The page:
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Jan 16, 2008



A few comments

a) Spies .. I dont find any mention of it in that analysis and A LOT of decisions on politics and morale in EVE are based on the work of spies. As a sub genre you also might include corp theft morale effects.

b) Maps .. there is a definite trend to objective automatically generated influence maps, as they use a public algorithm (modifiable) processing downloadable in game data. The old style subjective political boundary map is falling out of favour (especially because the impartiality of the guy(s) creating them have come under suspicion more then once). The later are often called propaganda tools.

c) Videos ... the same video can be a moral booster for both sides of a conflict. One side sees a hero making an epic fighting withdrawal versus overwhelming odds. The other side sees an aggrogant villain and bully falling back in disgrace from occupied territory after having lost his meatshield of allies that he usually treats like crap while demanding payment for protection.

d) Burnout ... i suggest you talk a bit about the serious burnout problems that players encounter during a long alliance war .. especially the fleet commanders.

e) Game bugs ... you may also want to mention the effect of bugs, server crashes, metagaming, nerfs etc. on player morale and 0.0 alliance politics. Out of game effects can be the nucleus for serious in game changes in alliance wars.

f) Propaganda ... you might add some words about a new aspect in the EVE propaganda war .. the articles in mainstream media (like NY Times or Der Spiegel) about EVE Online. In the past such reports have been seen in the gaming media exclusively.

g) Hubris and the reaction to hubris .. you might want to discuss the community reaction when certain groups in EVE commit "the crime of hubris".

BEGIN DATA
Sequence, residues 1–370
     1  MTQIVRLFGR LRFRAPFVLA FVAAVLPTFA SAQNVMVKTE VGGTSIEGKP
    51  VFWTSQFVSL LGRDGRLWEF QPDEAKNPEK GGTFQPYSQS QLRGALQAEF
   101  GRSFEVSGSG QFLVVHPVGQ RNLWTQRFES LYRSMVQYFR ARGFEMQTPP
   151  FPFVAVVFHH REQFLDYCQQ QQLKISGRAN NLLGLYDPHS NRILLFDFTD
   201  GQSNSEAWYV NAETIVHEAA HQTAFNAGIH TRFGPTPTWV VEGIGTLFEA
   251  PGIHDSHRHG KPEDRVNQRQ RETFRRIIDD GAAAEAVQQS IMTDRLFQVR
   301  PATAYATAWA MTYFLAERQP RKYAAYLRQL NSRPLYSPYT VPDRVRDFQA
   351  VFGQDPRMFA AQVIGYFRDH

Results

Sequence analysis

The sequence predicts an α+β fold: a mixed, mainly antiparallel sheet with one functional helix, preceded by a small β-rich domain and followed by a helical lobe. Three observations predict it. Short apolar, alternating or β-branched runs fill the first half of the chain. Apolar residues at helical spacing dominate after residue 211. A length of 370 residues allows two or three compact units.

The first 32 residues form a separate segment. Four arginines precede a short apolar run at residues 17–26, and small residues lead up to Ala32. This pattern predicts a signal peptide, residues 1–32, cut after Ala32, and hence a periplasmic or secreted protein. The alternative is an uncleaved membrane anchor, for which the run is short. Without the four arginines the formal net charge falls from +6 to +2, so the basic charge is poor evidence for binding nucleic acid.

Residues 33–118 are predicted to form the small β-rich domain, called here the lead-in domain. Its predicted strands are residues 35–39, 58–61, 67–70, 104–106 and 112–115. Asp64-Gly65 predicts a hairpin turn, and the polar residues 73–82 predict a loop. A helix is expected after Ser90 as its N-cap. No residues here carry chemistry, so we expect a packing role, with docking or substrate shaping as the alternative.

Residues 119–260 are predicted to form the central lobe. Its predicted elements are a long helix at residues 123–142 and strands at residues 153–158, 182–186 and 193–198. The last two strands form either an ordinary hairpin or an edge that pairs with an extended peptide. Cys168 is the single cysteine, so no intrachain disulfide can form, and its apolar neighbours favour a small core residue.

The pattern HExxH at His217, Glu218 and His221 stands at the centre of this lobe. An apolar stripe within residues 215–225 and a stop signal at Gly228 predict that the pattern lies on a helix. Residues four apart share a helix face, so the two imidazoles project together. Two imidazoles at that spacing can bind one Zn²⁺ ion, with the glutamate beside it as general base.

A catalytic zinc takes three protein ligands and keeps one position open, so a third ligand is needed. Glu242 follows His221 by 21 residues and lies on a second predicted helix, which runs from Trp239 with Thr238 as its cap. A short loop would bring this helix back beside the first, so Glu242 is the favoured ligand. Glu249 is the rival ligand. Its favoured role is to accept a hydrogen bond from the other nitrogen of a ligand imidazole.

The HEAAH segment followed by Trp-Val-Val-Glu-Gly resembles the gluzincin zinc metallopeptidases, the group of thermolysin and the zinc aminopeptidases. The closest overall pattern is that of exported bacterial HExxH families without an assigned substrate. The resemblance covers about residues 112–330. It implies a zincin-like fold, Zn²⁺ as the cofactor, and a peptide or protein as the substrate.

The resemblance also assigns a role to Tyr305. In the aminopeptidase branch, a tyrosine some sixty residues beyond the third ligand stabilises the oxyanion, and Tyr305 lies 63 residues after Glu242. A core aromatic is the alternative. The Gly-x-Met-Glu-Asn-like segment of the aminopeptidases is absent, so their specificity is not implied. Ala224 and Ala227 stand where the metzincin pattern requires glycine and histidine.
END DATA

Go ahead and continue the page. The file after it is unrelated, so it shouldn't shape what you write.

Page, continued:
Have fun


Good work Nate. I've been watching this come together, and yeah, its getting interesting.

The BOB vs Goonswarm thing is really just an artefact of the abundance of source material on the subject (Both are pretty noisy alliances, and both are pretty damn large in terms of thousands of members, space holding, etc)

But 3 cheers for Nate.


The thing about 'sacrifice a night' is pretty key to much of the strategy of system sieging, particularly when warring alliances are out of synch timezone wise. Much of this game is not just about spatial control (really topological control, when you think about the games structure, but thats another topic), but temporal control over game experience.

The major game mechanic for capturing a system involves "POS warfare", a mechanic designed to facilitate set-piece battles. Basically each system which is to be captured, is won by having the highest number of POS ('player owned stations', small deployable structures that can be anchored at moons and not to be confused with Outpost and Conquorable stations, usually the actual target of the system siege) in a system, thus gaining sovereignty of the system, and thus the Outpost in the system.

When a POS is attacked, when it hits the end of its shields, it goes into 'reinforced mode', and becomes invunerable for a period of time depending on how much 'strontium' it is fueled up with. Both sides know when it comes out of 'reinforced mode' and at that time, it needs a second attack to finish it off. Often the defending alliance will turn up at this time , often resulting in the massive fleet fights EVE is famous for. Its partly designed to counteract players turning up at 3am and leveling the enemys POS's when the enemy is asleep.

The trick for the defender is often to "alarm clock" the POS , so that it comes out of reinforced at a time that is unsuitable for the attacker (Ie 3am in the morning for the attacker, ergo 'alarm clocking'). However the defender has to set the reinforced timer (ie put enough stront for 8 hours) BEFORE the POS is attacked, so the attacker might make inferences as to the timing schedule of the POS's and try to turn the 'alarm clocking' back against the defender.

Largely this is a huge dynamic of regional battles, with both sides attempting to wear out the defenders and attackers or cause multiple systems to come out of reinforced at the same time (Thus making the attacker/defender chose which system or split forces or whatever), and so on.

Its really a war against sleep.


Its never a problem to do 1 or 2 "alarm clock" ops. But alliance wars last for months, even years. Try alarm clocking for weeks on end.

You can easily spend 20 hours in game in EVE for months on end and will ALWAYS have something critical to do, especially in the current Pendulum War ("The Great War").

Thats why "burn out" is a serious problem amongst EVE PvP pilots (especially fleet commanders). And maybe even more of a problem amongst the logistics people, the true heroes operating behind the curtain of flashy killboard statistics.

Have fun